As Georgia real estate laws have changed and expanded over the last few years, the true value of using a “buyer’s agent” has become increasingly more evident. While there are no disadvantages to a utilizing a buyer’s representative, the benefits can be considerable, and I consistently see more home buyers electing to have a Realtor® represent their interests during the home buying process.
In almost all cases, the commission paid to the buyer’s agent is paid by the seller. This amount is determined in advance (at the time the property is listed) and is paid to the listing agent’s broker or real estate company. A portion that fee is then dispersed to the buyer agent’s real estate company at closing.
As the commission amount is pre-determined, it is easy to see why taking the buyer’s agent out of the equation will generally save money for neither the buyer nor the seller. However, doing so leaves the buyer completely unrepresented while making one of the most important investment decisions of their life.
Your Realtor® Should:
· Have a thorough understanding of the real estate industry
· Have extensive education and a proven track record backed by real life experience in the real estate business
· Be knowledgeable of the local market as well as the specific neighborhood in which you are looking for a home
· Be a good communicator and communicate in the manner that you prefer – for example email, texting or phone calls
· Have exceptional negotiating skills
· Be able to deal with challenges as they arise in a calm and mature manner
· Have exceptional interpersonal skills, allowing them to work well with you as well as any cooperating agents involved in the transaction
· Be accessible and available to you for any and all questions or concerns
· Have a good reputation in the industry and be able to provide you with references from previous clients
According to the National Association of Realtors®, when a buyer uses a Realtor®, when buying their home they generally find the home an average of one month faster and have access to far more homes than those who do not use a Realtor®.
Options for Agent Representation
‘caveat emptor’ – let the BUYER BEWARE
Georgia law requires that the relationship between the buyer and the real estate agent assisting them is spelled out clearly. Here is a brief description of each type of agency allowed:
No Agent Representation:
Yes, you can actually choose to have no representation at all. Many buyers believe that they will get a “better deal” by working directly with the listing agent of a property. However, that is generally not the case. The commission amount is pre-determined by the listing agreement which spells out what the seller will pay in commission whether there is one agent involved or two.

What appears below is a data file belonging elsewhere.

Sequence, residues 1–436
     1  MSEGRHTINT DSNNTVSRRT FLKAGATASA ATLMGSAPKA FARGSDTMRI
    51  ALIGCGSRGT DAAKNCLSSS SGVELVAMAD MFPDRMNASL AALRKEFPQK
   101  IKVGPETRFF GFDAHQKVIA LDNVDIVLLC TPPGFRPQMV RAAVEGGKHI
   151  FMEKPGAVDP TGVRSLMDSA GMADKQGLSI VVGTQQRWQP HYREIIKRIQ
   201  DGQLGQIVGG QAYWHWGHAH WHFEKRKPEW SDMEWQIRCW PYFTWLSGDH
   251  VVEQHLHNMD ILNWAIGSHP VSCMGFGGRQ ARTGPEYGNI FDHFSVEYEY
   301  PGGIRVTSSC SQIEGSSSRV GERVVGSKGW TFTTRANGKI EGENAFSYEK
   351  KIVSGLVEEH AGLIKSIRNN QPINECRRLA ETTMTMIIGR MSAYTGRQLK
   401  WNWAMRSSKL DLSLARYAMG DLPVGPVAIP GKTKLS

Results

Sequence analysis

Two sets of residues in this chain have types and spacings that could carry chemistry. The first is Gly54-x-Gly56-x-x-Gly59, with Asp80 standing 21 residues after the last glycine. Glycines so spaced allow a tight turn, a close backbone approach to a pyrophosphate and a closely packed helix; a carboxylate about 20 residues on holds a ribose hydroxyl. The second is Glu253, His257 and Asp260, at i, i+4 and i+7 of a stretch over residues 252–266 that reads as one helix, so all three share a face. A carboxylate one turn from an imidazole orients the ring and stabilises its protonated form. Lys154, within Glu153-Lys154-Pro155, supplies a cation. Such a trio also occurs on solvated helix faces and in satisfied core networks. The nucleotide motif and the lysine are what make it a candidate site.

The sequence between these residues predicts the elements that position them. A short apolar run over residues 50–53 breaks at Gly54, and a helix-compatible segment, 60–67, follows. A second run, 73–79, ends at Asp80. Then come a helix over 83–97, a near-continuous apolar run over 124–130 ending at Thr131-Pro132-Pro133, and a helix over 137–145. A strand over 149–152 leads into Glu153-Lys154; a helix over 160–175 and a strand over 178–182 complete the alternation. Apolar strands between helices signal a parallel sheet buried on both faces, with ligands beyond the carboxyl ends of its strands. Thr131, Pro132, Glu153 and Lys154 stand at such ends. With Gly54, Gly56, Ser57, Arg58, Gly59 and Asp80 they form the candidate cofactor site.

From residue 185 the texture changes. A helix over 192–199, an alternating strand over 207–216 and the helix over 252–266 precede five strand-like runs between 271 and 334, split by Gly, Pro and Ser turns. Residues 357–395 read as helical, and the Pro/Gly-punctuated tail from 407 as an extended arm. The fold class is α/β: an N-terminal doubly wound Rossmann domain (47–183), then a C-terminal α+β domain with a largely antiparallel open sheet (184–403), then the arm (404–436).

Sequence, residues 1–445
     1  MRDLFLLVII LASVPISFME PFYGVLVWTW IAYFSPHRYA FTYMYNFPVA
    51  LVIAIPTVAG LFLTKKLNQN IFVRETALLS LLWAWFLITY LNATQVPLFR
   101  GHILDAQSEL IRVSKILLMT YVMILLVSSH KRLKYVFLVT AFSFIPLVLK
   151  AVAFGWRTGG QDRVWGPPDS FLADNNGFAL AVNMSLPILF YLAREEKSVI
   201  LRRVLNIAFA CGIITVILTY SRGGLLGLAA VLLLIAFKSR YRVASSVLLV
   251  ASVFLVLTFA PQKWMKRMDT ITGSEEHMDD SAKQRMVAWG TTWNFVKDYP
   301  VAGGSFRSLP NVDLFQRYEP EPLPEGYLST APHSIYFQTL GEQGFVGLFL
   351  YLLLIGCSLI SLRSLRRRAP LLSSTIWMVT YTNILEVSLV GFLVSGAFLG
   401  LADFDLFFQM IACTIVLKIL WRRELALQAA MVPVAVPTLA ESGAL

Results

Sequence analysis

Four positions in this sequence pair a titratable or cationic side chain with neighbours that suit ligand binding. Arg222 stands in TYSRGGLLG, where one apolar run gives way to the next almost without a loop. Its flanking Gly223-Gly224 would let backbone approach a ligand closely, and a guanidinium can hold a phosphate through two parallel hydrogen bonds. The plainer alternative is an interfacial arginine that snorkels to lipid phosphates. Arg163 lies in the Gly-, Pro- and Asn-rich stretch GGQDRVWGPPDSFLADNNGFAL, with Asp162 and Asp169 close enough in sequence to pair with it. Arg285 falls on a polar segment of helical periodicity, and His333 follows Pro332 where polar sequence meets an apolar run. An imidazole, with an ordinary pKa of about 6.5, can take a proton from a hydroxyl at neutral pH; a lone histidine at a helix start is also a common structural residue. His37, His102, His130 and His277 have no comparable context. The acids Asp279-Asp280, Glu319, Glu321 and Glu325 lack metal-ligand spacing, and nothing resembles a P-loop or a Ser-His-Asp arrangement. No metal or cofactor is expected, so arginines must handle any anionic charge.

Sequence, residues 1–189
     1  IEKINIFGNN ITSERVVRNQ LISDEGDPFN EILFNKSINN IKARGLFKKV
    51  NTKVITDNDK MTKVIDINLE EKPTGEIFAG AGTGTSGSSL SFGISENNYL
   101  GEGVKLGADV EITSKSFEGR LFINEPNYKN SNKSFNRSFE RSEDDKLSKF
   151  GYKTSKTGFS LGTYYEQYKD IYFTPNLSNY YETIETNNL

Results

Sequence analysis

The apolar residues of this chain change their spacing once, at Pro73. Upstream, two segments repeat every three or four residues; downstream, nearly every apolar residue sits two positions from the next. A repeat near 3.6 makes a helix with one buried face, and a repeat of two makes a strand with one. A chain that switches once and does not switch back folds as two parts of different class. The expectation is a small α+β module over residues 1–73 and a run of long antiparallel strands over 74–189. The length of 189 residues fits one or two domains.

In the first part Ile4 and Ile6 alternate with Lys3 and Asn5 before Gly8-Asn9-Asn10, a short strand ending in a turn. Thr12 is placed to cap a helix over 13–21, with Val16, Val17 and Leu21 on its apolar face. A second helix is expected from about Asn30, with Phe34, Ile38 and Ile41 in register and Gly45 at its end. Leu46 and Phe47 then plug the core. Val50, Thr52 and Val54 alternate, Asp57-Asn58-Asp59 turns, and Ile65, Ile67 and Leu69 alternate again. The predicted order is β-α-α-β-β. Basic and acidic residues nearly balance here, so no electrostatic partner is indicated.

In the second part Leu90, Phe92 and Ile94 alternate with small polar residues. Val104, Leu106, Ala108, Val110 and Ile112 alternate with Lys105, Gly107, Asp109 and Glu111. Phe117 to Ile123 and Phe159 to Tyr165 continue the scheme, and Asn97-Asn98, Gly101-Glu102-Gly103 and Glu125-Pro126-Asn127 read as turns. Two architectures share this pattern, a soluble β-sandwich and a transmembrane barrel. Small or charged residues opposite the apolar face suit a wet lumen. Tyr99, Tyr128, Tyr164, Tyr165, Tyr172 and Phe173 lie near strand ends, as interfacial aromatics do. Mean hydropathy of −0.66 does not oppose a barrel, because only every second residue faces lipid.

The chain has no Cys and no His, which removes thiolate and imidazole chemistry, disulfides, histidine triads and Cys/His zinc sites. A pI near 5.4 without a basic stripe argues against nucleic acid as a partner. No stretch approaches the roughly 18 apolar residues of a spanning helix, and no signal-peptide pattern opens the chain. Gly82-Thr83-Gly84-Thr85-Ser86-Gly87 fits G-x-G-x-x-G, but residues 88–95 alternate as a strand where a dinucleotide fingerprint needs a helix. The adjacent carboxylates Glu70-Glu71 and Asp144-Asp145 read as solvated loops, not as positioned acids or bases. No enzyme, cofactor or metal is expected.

In this case, the listing agent has a written agreement with the seller and, while the law states that they must deal fairly with all parties, they represent only the seller’s interests. As a buyer, it only makes sense that you need your own professional representation and counsel.
Hint: Think of it this way, you’d never hire your spouse’s attorney to represent you in a divorce. The listing agent is the seller’s representative. You deserve to have someone looking out for you!
Agent Representing Buyer as a Customer:
In this case, the buyer will work with an agent other than the listing agent, but does not want to use this agent as their exclusive buyer’s agent. This greatly limits what the agent can do in terms of providing information, helping you to determine a price and negotiating. In this case, the agent can simply open the homes and complete the contract paperwork based on information provided by the buyer. The agent cannot assist the buyer in determining the offer price. In this type of representation, a buyer will be asked to sign a GA real estate form called the Agreement to Work with Buyer as a Customer.
Agent Representing Buyer as a Client:
In this case, the buyer will have a written Buyer Brokerage Agreement with an agent who agrees to fully represent the buyer’s best interest at all times in regard to:
· Protection of the Buyer’s private information
· Coordination of the lenders and other service providers as needed
· Research and assistance in structuring an offer (reasonable price, terms and conditions)
· Negotiating favorable contract terms for the buyer
· Share all material facts they may be aware of regarding the seller’s circumstances and the property’s condition.
Hint – Using the trusted professionals recommended by your agent (lenders, closing attorney’s, etc…) offers you the greatest possibility of completing your transaction in a timely fashion with less risk of errors or surprises. A seasoned agent would only recommend a service provider with a proven track record for success. In addition, service providers who have a history of working with your agent understand that future business is on the line which gives your agent more leverage should a problem arise. On the other hand, a “one off” service provider, who knows that it is unlikely they will receive future business from the agent, feels less pressure to perform.
Designated Agency occurs when a Buyer’s agent sells an in-brokerage listing. This is not an unusual situation. In this case, one agent will solely represent the seller and the Buyer’s agent will solely represent the buyer. The agents must keep the transaction at “arms length” and may not share information between the parties without prior written permission.
Dual Agency occurs when a listing agent sells their own listing and attempts to represent BOTH the buyer and seller. As I feel that it is impossible for me to impartially represent the best interest of two separate parties at the same time, I do not practice dual agency.